Dr Thomas said: “The key point here is that there has been some level of recognition from various government departments that the virus is airborne, and they have mitigated accordingly.
“Part F of the Building Regulations on ventilation has been updated and is out to consultation, and the Health and Safety Executive’s Covid-Secure Guidance for the Workplace on Ventilation has also been quietly updated in recent weeks to recommend the use of ultraviolet air filtration systems, which are proven to kill airborne contaminants.
“These UK regulations are now, at last, starting to get more aligned to other global institutions’ recommendations such at the renowned Centers for Disease Control and Prevention (CDC) who support the importance of ventilation and UV devices to significantly reduce infection risk.
“This is a positive step, but the key communication issue is that if the government don’t fully endorse and be more vocal about the airborne threat of COVID-19, and regulatory changes being made, then neither will the wider public.
“This is a huge issue, because the government is already preparing for this virus to be around in some form for many years to come. With 40 million doses of vaccine set to arrive in 2022 and an overall supply line that is set to last until 2025, it’s clear that there is an acknowledgement that this will be a long fight. The SAGE scientists like Professor Chris Whitty and Sir Patrick Vallance are also referring to this virus as endemic now.
“With 407 million doses of vaccine on order, the government is already building long-term readiness and diluting the risks by using different suppliers, but without the acknowledgement of the airborne risks, this can only do so much – it needs to be a joined-up, blended approach.”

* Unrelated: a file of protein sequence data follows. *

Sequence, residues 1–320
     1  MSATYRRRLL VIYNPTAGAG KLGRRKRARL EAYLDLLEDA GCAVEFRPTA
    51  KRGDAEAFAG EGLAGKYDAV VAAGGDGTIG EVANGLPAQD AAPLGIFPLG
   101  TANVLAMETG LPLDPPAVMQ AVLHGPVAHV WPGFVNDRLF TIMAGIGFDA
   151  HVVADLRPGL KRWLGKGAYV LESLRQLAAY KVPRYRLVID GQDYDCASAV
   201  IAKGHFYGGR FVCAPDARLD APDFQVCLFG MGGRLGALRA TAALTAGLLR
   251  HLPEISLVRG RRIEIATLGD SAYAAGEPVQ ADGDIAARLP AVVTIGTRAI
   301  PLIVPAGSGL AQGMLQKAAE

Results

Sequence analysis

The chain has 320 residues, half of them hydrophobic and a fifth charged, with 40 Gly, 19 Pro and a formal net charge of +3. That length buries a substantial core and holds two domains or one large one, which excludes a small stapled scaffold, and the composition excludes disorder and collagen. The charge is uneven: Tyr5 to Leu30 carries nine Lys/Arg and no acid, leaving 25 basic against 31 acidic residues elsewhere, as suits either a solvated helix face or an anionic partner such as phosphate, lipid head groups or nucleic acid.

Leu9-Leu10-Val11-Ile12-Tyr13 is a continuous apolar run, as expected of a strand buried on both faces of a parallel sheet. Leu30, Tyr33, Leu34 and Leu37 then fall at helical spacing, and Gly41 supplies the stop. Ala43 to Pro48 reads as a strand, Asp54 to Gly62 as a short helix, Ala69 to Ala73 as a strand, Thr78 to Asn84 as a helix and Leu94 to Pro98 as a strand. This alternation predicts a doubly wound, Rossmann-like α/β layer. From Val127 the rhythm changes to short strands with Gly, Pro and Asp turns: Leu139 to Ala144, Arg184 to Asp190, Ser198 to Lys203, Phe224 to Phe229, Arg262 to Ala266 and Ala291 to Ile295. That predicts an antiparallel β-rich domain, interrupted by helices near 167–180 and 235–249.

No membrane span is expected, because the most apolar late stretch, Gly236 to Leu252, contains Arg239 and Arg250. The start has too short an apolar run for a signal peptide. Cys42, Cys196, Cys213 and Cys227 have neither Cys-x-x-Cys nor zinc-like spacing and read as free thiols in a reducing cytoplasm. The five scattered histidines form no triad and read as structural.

“Prevention is better than the alternative, because in this case, there is unlikely to be a cure for a virus that spreads and mutates at the rate this one does.”
“Trying to keep ahead of this virus is a dangerous game. It is incredibly adaptable and there is an awful lot of guesswork about predicting the spread and virulence of new and more easily spread strains.
“Ongoing lockdowns are simply not an option and are increasingly ineffective as people struggle with the monotony and isolation they bring. We need to get on the front foot and not only rely purely on medicine to help solve this crisis.
“Engineered solutions like UV-C (also known as UVGI) and air filtration systems are needed wherever possible to help cut this virus at the knees and stop transmission in the first instance.
“These solutions are now being brought in by several industries and many countries around the world are specifically recommending them because they are recognising that the guidelines in their current form aren’t doing enough. Those industries such as food manufacturing and production that rely on having people on the ground and in their factories are having to look beyond what they are advised and finding solutions that actually do work.
“Hospitals, schools and hotels are the next places that need to be looking at this kind of response, especially with the government’s travel regulations meaning that potentially infected travellers are being kept in potentially inadequately ventilated spaces that could actually accelerate contagion spread to other travellers or staff.
“Action needs to be taken now, or we risk further unnecessary spread of this dangerous pathogen.”
For more information on PP-L, visit pplpro.co.uk.
For more information, please contact Tom Snee at Cartwright Communications on 07419 779 516
PP-L Health Technology Solutions specialises in the design, specification and provision of scientifically proven systems and technologies to reduce the transmission of harmful bacteria and viruses, including COVID-19